Anime Reporter tries to keep up with the ever rising stakes of the last quarter of Shaman King (Volumes 25-32).
Needless to say, if you’re unfamiliar with Shaman King, the final eight volumes of the series are perhaps not the place to start and you might benefit slightly more from a look at the first eight volumes.
When last we left Yoh and friends, things had become pretty tense, with several life and death battles and the occasional trip to hell and back. Well, you can expect a lot more of the same as the plot more or less develops into a series of escalating battles with tension and drama galore. Unlikely partnerships must be made in what is now a fight to bring down Hao more than anything else. Unfortunately, this means that a lot of the previous conflicts are rendered moot and the remainder of the story is a colossal build-up to a final showdown. The team dynamic of Yoh and his allies goes through peaks and troughs of interest, eventually kind of trailing off and becoming fairly irrelevant.
The most interesting aspects of the final leg of the series are the twists and turns coming from Hao himself, who seems entirely aware of everyone’s plan to single him out as the number one threat and who does very little to dissuade or intimidate, often being confusingly civil and nonchalant with his would be assassins. A close second for most interesting portion of the tale are a series of battles against the Patch judges themselves. These fights put the characters through their paces more than ever before and make for some pretty interesting drama, though the fights themselves are just a few among many, many others and at this point of the story, what’s really keeping interest going is just wanting to see how it all ends.
And end it does, though not in the most satisfying way. Without giving away too much information, the final resolution feels more than a little flimsy and contradicts a couple of things that the series has been proclaiming since its early days. Readers might find themselves wondering what all the fuss was about when they reach the final pages of volume 32.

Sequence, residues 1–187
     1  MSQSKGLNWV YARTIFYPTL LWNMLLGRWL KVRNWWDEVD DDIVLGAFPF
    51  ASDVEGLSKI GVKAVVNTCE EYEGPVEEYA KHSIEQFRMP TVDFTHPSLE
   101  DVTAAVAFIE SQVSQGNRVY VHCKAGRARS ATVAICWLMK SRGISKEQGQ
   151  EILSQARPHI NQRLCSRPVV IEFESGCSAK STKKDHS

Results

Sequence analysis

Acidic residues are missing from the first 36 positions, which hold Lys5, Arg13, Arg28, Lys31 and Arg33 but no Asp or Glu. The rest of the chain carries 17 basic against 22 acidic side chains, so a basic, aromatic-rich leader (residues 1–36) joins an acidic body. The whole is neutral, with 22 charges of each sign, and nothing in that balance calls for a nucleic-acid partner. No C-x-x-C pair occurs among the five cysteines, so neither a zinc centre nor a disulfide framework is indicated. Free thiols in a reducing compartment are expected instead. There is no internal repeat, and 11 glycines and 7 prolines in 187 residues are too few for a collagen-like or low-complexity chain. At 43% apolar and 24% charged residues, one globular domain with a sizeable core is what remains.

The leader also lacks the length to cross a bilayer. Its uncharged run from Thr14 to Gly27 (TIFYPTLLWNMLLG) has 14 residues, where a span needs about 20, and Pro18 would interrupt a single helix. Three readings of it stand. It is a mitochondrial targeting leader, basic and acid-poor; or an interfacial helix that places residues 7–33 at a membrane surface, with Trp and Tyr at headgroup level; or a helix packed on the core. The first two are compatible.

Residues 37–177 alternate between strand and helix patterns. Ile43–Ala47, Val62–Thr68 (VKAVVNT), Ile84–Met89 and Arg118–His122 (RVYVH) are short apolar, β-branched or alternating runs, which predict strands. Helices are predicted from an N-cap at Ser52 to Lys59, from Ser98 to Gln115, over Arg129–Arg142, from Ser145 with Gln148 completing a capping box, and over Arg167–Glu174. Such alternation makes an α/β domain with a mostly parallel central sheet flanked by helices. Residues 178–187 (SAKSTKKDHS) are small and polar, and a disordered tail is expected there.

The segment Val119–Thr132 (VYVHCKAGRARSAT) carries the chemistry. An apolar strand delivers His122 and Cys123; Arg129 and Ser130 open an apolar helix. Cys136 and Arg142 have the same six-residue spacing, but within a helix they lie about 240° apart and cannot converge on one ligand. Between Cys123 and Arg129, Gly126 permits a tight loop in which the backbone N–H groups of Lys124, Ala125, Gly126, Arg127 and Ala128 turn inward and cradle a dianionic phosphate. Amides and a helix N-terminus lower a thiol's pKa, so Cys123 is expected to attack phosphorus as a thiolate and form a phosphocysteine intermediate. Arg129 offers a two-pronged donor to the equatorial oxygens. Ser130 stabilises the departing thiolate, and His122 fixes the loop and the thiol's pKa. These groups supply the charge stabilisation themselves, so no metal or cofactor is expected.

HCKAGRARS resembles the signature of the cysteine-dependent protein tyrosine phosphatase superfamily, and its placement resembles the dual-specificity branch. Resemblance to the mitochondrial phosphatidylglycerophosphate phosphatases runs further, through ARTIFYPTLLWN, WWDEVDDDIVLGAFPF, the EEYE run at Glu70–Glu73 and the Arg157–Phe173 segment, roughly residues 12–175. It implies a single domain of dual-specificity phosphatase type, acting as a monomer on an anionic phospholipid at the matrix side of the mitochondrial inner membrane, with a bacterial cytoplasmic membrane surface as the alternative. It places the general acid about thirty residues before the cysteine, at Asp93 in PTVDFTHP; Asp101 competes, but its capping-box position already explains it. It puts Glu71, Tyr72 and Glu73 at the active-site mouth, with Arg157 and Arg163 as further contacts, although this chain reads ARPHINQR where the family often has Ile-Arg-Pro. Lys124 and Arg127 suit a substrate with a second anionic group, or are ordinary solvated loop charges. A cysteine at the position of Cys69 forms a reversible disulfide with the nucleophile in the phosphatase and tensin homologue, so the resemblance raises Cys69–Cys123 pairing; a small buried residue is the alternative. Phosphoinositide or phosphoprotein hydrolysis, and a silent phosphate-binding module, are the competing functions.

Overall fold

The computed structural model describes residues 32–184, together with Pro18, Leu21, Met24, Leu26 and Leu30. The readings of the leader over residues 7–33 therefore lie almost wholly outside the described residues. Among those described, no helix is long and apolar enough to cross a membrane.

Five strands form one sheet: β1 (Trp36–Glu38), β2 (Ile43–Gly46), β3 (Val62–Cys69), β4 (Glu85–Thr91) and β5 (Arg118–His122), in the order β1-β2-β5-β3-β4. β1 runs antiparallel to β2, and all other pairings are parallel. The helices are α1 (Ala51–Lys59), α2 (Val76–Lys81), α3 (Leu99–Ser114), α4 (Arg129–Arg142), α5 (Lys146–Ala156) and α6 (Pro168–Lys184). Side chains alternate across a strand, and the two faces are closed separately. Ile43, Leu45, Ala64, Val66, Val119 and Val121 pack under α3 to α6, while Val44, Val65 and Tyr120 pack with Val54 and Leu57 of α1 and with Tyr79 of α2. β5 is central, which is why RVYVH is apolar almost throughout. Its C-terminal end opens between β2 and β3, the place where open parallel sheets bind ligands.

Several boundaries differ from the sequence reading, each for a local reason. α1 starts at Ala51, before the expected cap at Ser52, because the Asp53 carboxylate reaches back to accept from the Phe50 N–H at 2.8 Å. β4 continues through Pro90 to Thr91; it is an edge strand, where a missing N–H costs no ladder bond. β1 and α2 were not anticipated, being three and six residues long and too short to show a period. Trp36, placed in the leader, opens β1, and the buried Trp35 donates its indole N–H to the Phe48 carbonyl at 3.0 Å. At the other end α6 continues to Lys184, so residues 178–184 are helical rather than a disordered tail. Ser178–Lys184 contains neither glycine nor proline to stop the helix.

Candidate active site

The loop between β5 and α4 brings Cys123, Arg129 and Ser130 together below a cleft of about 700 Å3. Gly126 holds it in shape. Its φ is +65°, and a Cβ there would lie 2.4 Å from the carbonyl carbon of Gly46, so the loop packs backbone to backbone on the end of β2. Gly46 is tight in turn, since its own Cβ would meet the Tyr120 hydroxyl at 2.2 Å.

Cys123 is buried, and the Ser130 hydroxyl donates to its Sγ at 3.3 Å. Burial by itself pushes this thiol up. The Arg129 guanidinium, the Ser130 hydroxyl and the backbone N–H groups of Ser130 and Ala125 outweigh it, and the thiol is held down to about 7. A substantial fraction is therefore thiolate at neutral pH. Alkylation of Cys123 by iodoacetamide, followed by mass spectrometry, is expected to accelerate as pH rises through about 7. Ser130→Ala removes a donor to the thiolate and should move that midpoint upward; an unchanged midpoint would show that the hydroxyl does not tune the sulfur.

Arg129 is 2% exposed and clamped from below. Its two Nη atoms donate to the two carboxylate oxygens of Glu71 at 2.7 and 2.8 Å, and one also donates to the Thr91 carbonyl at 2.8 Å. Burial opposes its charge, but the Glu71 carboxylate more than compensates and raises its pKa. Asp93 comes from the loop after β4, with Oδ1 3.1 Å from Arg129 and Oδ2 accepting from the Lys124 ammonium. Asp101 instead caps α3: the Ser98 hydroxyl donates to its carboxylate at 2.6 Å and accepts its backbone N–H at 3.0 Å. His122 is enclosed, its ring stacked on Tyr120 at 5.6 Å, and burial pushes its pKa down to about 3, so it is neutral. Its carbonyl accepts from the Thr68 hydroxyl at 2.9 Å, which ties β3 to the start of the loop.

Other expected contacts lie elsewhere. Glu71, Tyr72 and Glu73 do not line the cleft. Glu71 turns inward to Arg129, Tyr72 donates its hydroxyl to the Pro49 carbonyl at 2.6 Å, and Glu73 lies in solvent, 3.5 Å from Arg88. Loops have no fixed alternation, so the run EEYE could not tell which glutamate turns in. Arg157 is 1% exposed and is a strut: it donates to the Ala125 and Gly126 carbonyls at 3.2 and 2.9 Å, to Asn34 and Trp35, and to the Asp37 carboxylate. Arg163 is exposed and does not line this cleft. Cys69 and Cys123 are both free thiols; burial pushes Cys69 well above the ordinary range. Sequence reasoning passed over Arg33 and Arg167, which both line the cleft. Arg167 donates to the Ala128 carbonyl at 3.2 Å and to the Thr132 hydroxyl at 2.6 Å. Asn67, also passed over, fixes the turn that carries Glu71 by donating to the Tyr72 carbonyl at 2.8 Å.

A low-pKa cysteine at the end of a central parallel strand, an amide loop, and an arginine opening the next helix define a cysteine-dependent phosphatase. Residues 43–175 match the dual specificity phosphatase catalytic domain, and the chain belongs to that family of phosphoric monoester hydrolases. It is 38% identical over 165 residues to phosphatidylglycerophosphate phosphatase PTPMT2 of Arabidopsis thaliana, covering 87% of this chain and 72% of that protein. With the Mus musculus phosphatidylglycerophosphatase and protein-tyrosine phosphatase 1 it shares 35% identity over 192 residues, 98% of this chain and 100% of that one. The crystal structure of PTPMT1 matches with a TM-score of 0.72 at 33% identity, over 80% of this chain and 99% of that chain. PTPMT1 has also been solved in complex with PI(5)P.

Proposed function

Action scenes are explosive, focusing a lot more on dynamic splash pages and powerful super-moves rather than the more subtle exchanges of earlier chapters. These splash pages look impressive, but it’s easy to feel detached as gigantic explosion follows tremendous laser blast and it’s hard to keep track of just how impressive characters’ strength is supposed to be. The intimacy and the sense of peril from the earlier matches is replaced by sheer spectacle, driving up the tension but making each fight feel less and less like a part of the narrative. The main exceptions to this rule are some of the Patch fights which manage to introduce an element of pain and regret into many scenes as characters face down their judges and friends from the early rounds of the Shaman Fight.
Overall, Volumes 25-29 offer up a series of clashes, using dramatic twists to pump up the tension, but ultimately not moving the story along very much. Volumes 30-32 are more or less one big buildup to a climactic showdown, which proves to be much less climactic than one would hope, ultimately feeling like a rushed attempt to insert an ending into the few remaining pages.
Shaman King Volumes 25-32 bring the series to an ending that feels just a little half-hearted and little bit too sentimental for the series more recent, violent tones.
Shaman King Volumes 25-32 are all currently available from Viz Media. For more reviews and updates, stick with us here at Anime Reporter.
Character Development: 6.5
70% – “Rest in Peace”– Shaman King comes to an end and it’s sad to say goodbye to such an enjoyable series. It’s slightly sadder that it didn’t manage to end on a higher note.